• Reduce the misbehavior
    • Replace the misbehavior by teaching an alternative, appropriate skill that serves the same purpose as the misbehavior
steps in using positive discipline step 126
Steps in using positive disciplineStep 1
  • Identify what the child does well and likes to do
  • Complete a reinforcement inventory
step 227
Step 2
  • Identify the behavior(s) of concern
    • List all behaviors of concern
    • Identify whether each behavior is inappropriate or challenging
activity28
Activity
  • Turn to your neighbor and discuss what you consider inappropriate behaviors and what you consider challenging behaviors that preschool children may display
inappropriate and challenging behaviors29
Inappropriate and challenging behaviors
  • Inappropriate:
    • Is abusive to materials
    • Interferes with acceptance by or positive interaction with others
    • Is not improving or is getting worse
    • Is mildly harmful to the child or others
    • Prevents learning from occurring
  • Challenging:
    • Involves extreme property damage
    • Is extremely harmful to the child or others

A disability is not the cause of a challenging behavior — there is always a reason

activity30
Activity
  • Identify child
  • Complete steps 1 and 2
step 331
Step 3
  • Identify the possible functions for the behavior(s)
    • What could be contributing to behaviors?
    • Gather information about:
      • Medications
      • Medical conditions (e.g., asthma or allergies)
      • Sleeping patterns
      • Eating patterns
      • Learning style
activity32
Activity
  • Turn to a different partner and discuss what you see as “reasons” young children display the inappropriate or challenging behaviors you listed in a previous activity
pick a student
Pick a student
  • Use your fostering self-control plan to discuss and identify Step 1 and Step 2
functions of behaviors
Functions of behaviors
  • To obtain a person, place or thing
  • To escape a person, place or thing
the pay off determine what the child gets out of misbehaving
The pay-off:Determine what the child gets out of misbehaving
  • What one thing could adults do to most likely make the behavior(s) occur?
  • What kind of response does the child get when he or she misbehaves?
step 4
Step 4
  • Select a preventative/non-directive approach to solve the problem
be preventative
Be preventative
  • Change the environment to prevent:
    • Climbing
    • Running
    • Overcrowding
    • Lengthy clean-up times
    • Accessing “hands-off” materials
    • Power struggles
    • Rules from being broken
be preventative38
Be preventative
  • Cue the child using verbal, model, physical, props or other prompts
  • Ignore the inappropriate behavior
  • Redirect or distract from potential problems
  • State the rule before it is broken
  • Give two appropriate alternative choices before the inappropriate behavior occurs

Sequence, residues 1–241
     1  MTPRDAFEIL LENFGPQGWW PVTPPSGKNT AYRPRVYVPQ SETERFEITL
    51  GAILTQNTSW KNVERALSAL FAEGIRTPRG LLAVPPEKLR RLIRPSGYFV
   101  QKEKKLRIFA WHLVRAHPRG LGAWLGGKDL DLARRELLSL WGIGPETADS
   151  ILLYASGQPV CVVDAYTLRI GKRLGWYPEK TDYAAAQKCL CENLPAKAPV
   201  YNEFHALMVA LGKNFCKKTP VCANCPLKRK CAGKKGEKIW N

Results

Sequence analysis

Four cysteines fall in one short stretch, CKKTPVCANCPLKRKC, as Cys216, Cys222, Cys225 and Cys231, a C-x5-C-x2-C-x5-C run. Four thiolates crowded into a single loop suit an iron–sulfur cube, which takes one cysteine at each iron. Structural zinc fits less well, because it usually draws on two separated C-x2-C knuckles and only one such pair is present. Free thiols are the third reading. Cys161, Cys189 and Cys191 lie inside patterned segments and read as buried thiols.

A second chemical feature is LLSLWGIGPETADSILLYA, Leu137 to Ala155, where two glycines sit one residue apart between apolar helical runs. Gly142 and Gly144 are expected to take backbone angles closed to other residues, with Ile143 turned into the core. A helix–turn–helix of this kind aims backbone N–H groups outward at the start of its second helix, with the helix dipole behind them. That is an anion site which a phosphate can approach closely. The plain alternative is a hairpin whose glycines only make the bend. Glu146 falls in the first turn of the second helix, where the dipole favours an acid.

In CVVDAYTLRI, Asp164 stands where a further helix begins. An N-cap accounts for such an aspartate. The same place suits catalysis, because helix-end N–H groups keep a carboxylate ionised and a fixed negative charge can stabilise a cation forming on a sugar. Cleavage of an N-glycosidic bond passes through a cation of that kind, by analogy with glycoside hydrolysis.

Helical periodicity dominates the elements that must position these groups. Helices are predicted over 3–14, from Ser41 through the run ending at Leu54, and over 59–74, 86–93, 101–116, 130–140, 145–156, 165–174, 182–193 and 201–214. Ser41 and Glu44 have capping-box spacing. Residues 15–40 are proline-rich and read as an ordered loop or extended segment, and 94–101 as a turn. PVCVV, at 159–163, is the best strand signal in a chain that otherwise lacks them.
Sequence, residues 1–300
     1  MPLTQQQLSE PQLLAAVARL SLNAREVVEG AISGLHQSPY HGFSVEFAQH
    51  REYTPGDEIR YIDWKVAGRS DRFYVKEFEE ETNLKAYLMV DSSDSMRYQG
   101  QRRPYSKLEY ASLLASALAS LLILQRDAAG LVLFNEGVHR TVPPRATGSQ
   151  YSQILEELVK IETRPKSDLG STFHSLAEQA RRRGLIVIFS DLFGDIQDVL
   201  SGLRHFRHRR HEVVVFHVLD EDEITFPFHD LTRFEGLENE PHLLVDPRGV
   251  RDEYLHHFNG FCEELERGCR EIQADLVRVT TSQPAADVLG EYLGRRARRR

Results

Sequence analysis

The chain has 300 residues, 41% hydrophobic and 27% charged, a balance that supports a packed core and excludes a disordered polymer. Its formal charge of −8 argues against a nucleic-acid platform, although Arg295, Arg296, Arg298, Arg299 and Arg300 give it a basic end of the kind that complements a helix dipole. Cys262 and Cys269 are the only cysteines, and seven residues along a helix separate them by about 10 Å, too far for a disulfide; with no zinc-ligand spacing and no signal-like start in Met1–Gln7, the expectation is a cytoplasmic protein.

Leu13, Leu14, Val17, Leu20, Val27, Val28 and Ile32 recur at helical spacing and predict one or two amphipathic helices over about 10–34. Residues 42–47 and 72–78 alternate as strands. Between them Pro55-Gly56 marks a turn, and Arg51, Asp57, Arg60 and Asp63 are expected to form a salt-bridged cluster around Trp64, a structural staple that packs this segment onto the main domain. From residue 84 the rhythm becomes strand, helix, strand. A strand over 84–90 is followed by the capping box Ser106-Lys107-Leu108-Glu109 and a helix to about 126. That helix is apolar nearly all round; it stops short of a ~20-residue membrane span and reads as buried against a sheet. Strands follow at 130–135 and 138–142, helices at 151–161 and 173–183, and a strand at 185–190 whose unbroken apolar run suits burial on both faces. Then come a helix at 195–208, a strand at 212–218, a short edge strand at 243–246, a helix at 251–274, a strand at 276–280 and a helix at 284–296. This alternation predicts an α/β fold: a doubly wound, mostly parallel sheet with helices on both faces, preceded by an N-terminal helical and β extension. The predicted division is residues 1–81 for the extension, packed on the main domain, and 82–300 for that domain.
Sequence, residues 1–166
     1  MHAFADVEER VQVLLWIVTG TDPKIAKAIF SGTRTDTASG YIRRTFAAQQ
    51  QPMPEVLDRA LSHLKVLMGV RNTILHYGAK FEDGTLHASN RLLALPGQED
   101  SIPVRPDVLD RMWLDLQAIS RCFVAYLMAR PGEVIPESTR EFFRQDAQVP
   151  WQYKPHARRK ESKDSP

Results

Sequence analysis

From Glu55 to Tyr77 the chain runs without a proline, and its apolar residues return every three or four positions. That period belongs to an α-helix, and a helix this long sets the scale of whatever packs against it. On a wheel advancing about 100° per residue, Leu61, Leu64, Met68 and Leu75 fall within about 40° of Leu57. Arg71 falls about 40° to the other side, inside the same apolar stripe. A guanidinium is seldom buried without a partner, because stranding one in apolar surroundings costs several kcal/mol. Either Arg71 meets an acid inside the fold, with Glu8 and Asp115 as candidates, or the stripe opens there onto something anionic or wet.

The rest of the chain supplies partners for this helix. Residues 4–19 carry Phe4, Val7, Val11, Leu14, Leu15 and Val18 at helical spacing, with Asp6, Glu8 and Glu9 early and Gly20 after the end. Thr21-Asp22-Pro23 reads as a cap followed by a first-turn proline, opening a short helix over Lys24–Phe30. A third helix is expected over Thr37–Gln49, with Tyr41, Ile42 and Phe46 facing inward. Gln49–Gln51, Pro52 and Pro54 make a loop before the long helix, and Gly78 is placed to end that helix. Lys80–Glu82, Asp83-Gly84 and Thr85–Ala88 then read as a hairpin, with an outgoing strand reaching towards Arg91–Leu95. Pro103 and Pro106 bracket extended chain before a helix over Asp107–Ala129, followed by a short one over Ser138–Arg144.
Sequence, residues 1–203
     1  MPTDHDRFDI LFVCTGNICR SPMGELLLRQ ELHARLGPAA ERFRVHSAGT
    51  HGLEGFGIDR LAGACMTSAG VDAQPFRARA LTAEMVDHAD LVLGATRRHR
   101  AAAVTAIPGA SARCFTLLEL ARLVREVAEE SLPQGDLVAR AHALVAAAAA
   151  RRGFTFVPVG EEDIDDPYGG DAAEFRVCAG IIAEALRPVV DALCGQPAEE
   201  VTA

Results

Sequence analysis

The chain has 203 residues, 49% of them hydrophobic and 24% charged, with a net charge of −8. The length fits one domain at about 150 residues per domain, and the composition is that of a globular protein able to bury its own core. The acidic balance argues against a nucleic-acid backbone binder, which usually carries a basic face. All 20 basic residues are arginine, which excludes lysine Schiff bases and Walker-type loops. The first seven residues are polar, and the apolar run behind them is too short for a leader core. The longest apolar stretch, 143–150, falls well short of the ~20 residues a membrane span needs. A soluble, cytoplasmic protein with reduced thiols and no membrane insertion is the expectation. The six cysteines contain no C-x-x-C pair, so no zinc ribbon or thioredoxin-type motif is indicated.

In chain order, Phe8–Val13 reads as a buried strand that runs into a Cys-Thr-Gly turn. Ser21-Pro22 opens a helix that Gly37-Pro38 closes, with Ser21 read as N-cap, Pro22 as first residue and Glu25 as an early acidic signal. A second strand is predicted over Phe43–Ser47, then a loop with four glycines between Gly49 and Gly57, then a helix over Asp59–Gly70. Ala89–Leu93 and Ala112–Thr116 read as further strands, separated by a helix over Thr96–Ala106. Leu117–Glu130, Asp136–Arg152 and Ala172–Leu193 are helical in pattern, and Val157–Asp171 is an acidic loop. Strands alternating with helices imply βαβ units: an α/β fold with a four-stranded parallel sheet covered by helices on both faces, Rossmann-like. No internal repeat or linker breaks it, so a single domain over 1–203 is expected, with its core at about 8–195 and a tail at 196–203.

• Comment on good behavior
be non directive
Be non-directive
  • Identify the problem
  • Identify the consequences
  • Ask a “What can you do?” question
  • Remind children of rules after they are broken
  • Give two appropriate choices
  • Provide a quiet space
step 5
Step 5
  • Develop a theory about why the child misbehaves. Ask:
    • How does the child communicate?
    • What’s been done in the past in response to the challenging behavior and what was its effect on the behavior?
observe the child and record
Observe the child and record
  • When does the problem occur?
  • Where does the problem occur?
  • Who is present when the problem occurs?
  • What happens right before the problem occurs?
  • What happens after the problem occurs?
activity video clip
ActivityVideo clip
  • Watch video clip of “Dumbo”
  • Use the ABC chart to determine what is happening
back to your student
Back to your student
  • Identify the function of each behavior
  • Select a preventative and a non-directive strategy to use with each behavior
teaching a new behavior
Teaching a new behavior
  • What can the child do or be taught to do that could serve the same function as the challenging behavior?
  • Alternative behavior must be as efficient and effective as the challenging behavior
taking a closer look
Taking a closer look…
  • Changes in children come about only when adults change their own behavior
teaching alternative skills
Teaching alternative skills
  • Is the new skill you are teaching developmentally and individually appropriate?
  • Reinforce at a high rate when first teaching the new behavior
    • Natural, social, material and edible
activity alternative skills
Activity Alternative skills
  • In your groups, determine what you think an alternative skill is for the behavior of concern you identified.
alternative replacement skills
Alternative (replacement) skills
  • Replace inappropriate or challenging behavior
  • Taught directly to child
  • Challenging or inappropriate behavior cannot be displayed when alterative skill is being performed
  • Efficient and effective as inappropriate or challenging behavior
alternative skills for linda
Alternative skills for Linda
  • Teach the use of visual schedules
  • Teach the use of a break card
  • Teach the use of props and transitional items
  • Teach “first” sand table, “then” circle
  • Teach how to regulate sensory needs
step 6
Step 6
  • Develop a systematic plan with the three Rs to:
    • Respond – make everyone’s responses consistent
    • Reduce – prevent or stop the challenging behavior
    • Replace – teach alternative skills for the child to use instead of the challenging behavior
final step
Final step
  • Reconsider the plan
    • At least 4 weeks after beginning the plan, have the team meet to discuss:
        • Has behavior decreased?
        • Is the child using new behaviors?
        • If yes, begin undoing the plan.